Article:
Those who’ve attempted to get new lending or renew an existing loan will know how hard it is right now, so how do you grow your business without borrowing?
As a result of the credit crunch, banks have pretty much shut up shop in terms of business lending to both small and medium sized businesses. Lack of lending can mean you’re unable to grow your business as quickly as you would like.
Financially speaking, there are two places where you can improve cashflow and find efficiencies in your business:
- Your Profit & Loss
- Your Balance Sheet
Profit & Loss
How to grow your business by improving sales
Look at what you are selling and determine which ones are making money and which aren’t. If you want to grow, you need to grow the profitable lines. It’s the old 80/20 rule – concentrate on the 20% of customers, products and services that provide 80% of your profits.
Internet marketing can be much more cost effective than traditional forms of marketing. Remember you want qualified traffic, not just traffic, so be specific about how you attract your visitors.
How to grow your business by reducing costs
Look at what products and services you are buying and spend some time investigating and negotiating better deals and more efficient ways of delivering.
Don’t underestimate your value as a customer and don’t be afraid to shop around for other suppliers.
You should also look at your overheads as this is an area where you can make massive savings. Do a review of all overheads and ask:
- Why am I spending this and what ‘value’ does it deliver onto the bottom line? Should I cut it out?
- How could I do this differently to achieve a similar result?
- Who else could deliver this product or service and how much would they charge?
Want more articles like this? Check out the financial management section.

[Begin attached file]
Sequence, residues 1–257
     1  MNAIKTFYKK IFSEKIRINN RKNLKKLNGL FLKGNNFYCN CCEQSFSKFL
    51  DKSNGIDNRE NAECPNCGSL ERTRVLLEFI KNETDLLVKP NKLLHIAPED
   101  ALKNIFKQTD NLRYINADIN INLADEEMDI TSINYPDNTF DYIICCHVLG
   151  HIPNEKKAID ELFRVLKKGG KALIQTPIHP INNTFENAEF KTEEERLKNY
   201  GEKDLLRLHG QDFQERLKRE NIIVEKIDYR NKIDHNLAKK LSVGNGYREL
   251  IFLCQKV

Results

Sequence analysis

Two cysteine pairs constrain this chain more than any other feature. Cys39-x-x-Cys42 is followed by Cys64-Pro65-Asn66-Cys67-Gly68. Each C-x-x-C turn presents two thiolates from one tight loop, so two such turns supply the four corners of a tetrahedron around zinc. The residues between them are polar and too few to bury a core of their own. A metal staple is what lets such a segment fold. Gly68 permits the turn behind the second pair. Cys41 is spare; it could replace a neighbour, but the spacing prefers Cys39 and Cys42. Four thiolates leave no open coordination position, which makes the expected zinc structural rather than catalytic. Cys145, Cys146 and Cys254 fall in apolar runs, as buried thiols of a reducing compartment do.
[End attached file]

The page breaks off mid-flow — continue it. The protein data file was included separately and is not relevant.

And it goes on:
You need to chase outstanding customer accounts as the rewards you’ll get from receiving the extra funds will make your efforts worthwhile. Once you get into the habit of ensuring customers pay on time you will need to borrow far fewer funds to run and grow your business.
Conversely, as the business owner you should have very tight control over payments to suppliers. I have seen this time and time again – business owners pay the bills faster than they need to. This puts unnecessary stress on cashflow.
If you deal in products, watch your stock levels. Try to think of stock as hundred dollar bills sitting on your stock room floor. You need to know your stock usage patterns and set a program for purchasing stock.
See if there’s a way of speeding up work in progress. The aim is to get jobs finished as quickly as possible so that you can invoice customers and get paid. If you can get a deposit to cover costs, this is a great place to begin injecting cash into your business. Progress payments are also a great way to ease the cashflow burden.
A job management system may seem like an expense, but once installed into your business you have it forever, creating efficiencies and improved cashflow.
If you can implement the above improvements in your business the level of money ‘freed up’ to grow your business may mean you never have to go cap in hand to the bank again!